Bentley, in Crewe, is producing 10,000 cars a year in the same factory that just about managed 1,300, including 250 Rolls-Royce models, 10 years ago. Aston Martin is producing in record numbers and BMW’s MINI plant in Cowley is capable of producing close to 300,000 units a year. They are all seriously added-value vehicles. “If you add Bentley, Aston Martin and Rolls-Royce production together – about 17,000 units – the ex-works value is more than 200,000 superminis,” says Rhys, “if Aston Martin achieves its objective of 5,000 vehicles a year from its Gaydon plant, it will be a bigger manufacturer than Ferrari. That’s a decidedly varied base.” He continued, “The UK is the only country, other than Germany, that has major parts of its industry in both higher added-value and mass-market production,’ says Rhys. “Britain has brilliant upmarket offerings but it also has among the most effective mass-market manufacturers in terms of production efficiency, in Nissan, Honda and Toyota. They demonstrate the fallacy that the UK and Western Europe cannot make mass-market vehicles. You can make a lot of money in the mass-market, so long as you can get efficiencies in production planning and effective use of labour and R&D.”
Focused investments reap rewards
It doesn’t happen by itself and there have been a number of examples of focused investments made in training and up-skilling, as well as robotics and automation. Bentley’s parent, VW Group, challenged the Crewe management and workforce to make room for the Continental within the footprint of the existing factory – there would be no new facility for the new car – to improve production efficiency and raise annual output from 1,000 vehicles to 10,000, within five years.
Six months of preparation was followed by intensive training in lean manufacturing techniques, to develop the Bentley Production System. As a result, the Arnage and Azure line was redesigned, freeing up 55 per cent of the floorspace. The management structure was remodelled and based on smaller teams and takt time was brought down from 21 minutes to 17 over an 18-month period. With an additional minute saved in late 2006, Crewe achieved the required 10,000-vehicle capacity within the five-year deadline.
Training of the UK workforce has been ongoing. BMW invested over £22m ($44m) on building a skills infrastructure in the West Midlands to support its Hams Hall engine plant. The money went on hard product, computers and facilities for local colleges, as well as developing training skills and a curriculum that would deliver NVQ Level 3 qualifications in 60 per cent of the time taken by other established advanced modern apprenticeships.
Tier One supplier Visteon, located in Essex, amended its highly-regarded internal training scheme in association with the National Skills Academy to achieve NVQ accreditation. That said, the UK wasn’t an unskilled country to begin with. The pulse of the country’s auto industry R&D sector was set by the world’s leading motorsport research, design and manufacturing cluster, but a sustained underinvestment in apprenticeships, training and development of around 20 years had significantly reduced the flow of new blood into the industry. The collapse of MG Rover and the closure of Ford’s Dagenham plant freed up thousands of skilled people to work where they were needed. But the upheaval in the supply chain, with components increasingly sourced from low-cost countries and emerging economies, could have threatened the country’s critical mass.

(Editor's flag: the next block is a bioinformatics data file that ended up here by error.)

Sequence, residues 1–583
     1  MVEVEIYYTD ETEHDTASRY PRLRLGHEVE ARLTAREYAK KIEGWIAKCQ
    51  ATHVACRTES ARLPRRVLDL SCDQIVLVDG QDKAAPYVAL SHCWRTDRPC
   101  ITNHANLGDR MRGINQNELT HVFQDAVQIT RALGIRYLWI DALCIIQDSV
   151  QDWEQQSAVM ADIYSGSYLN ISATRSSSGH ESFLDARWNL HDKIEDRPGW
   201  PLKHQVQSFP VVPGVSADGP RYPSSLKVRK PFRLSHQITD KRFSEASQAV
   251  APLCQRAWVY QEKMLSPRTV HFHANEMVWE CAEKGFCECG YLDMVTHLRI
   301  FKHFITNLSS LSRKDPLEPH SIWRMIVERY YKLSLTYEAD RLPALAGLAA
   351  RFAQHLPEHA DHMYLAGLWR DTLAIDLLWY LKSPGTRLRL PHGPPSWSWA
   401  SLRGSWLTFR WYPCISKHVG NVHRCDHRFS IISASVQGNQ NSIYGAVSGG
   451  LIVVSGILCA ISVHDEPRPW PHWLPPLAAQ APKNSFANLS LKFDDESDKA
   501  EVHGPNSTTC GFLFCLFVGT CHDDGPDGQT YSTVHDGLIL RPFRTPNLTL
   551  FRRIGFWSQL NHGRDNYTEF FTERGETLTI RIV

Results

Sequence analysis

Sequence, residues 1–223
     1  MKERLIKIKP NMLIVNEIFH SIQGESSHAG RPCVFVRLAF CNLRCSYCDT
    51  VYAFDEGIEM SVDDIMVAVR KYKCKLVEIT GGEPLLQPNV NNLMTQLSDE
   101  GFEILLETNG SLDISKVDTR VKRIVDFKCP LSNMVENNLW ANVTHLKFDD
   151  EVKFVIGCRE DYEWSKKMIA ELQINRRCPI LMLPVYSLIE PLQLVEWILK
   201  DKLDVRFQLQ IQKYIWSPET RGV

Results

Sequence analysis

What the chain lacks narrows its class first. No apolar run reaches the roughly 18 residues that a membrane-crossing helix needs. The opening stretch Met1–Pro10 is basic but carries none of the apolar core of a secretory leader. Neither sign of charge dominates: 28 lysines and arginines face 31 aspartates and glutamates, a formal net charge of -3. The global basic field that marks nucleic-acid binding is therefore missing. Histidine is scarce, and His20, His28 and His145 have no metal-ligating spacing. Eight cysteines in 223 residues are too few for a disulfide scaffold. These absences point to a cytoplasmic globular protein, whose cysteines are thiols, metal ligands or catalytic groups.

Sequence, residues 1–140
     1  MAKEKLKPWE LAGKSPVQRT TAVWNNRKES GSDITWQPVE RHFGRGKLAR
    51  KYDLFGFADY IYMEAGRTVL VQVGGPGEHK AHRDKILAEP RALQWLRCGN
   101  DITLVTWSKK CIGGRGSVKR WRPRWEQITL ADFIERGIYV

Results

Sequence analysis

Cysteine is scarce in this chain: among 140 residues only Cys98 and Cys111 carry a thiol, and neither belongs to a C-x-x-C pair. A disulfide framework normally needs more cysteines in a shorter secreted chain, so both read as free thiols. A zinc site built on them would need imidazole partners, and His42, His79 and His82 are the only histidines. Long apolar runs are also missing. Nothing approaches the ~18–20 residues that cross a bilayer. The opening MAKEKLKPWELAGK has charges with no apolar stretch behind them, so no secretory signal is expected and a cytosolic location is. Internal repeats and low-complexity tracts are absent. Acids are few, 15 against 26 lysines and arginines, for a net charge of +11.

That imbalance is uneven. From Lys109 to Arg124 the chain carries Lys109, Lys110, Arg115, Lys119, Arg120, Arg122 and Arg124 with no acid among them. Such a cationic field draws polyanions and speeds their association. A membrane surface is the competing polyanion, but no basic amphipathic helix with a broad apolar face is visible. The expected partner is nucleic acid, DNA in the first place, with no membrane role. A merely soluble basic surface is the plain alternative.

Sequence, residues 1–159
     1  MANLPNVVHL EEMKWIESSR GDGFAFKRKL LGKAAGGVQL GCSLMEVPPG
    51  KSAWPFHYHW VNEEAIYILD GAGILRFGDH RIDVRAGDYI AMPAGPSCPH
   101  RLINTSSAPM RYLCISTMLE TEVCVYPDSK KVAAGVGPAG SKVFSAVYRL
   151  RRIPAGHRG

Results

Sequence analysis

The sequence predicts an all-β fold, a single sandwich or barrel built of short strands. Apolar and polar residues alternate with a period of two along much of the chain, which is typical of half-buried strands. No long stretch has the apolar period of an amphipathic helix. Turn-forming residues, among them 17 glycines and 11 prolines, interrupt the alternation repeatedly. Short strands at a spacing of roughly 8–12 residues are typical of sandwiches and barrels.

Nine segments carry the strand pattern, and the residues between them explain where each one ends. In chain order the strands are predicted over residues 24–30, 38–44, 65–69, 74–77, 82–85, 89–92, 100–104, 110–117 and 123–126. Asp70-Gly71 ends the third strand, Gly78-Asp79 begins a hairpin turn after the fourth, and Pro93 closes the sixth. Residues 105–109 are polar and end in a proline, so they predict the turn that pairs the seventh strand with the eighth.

“There are some strong suppliers and some are withering on the vine,” according to Garel Rhys. “There is a danger that the prosperity of the OEMs could be at the expense of suppliers, in Britain and Europe. The OEMs will look for the most efficient suppliers wherever they can find them; they could be the same firms but located elsewhere.” The UK is, in fact, weak in domestically-owned Tier One and Two suppliers – only GKN could be counted in the global premier league. Unipart is successful within Britain, but not on a global scale – in production, anyway; remarkably, its UEES (Unipart Eberspacher Exhaust Systems) joint venture company recovered from its 75 per cent dependence on MG Rover to achieve more revenues from its global third-party training contracts than in manufacturing exhaust systems, filler pipes and engine components.
CovPress, formerly French company Sofedit’s Coventry facility, worked closely with Toyota to develop lean and effective manufacturing, and is as efficient as any component manufacturer in its field – steel pressings for structural, underbody and powertrain applications. But that isn’t always, of itself, good enough. “It’s becoming essential to have overseas locations. When I speak to customers about upcoming projects, some simply aren’t interested, no matter what facilities we have here, if we don’t have facilities overseas,” Mick Taimiot, quality director, said recently. “Conversely, a low-cost link overseas actually helps our business in Coventry.”
As Garel Rhys says, “Europe as a whole has more than its fair share of global top 100 suppliers in size and efficiency. Japan has been found wanting in the last decade; Renault’s Carlos Ghosn blew the whistle on this. The European supply chain still has critical mass and GKN shows that you don’t have to go into electronics to survive – it is, ironically, still essentially a metal-basher. They’ve shown it can be done very efficiently.”
As France, the UK and Spain show car production is not doomed in high-wage economies. As Rhys points out, achieve efficiencies in production planning, scheduling and application of R&D and the end result is a region of industry ready to compete on a global playing field.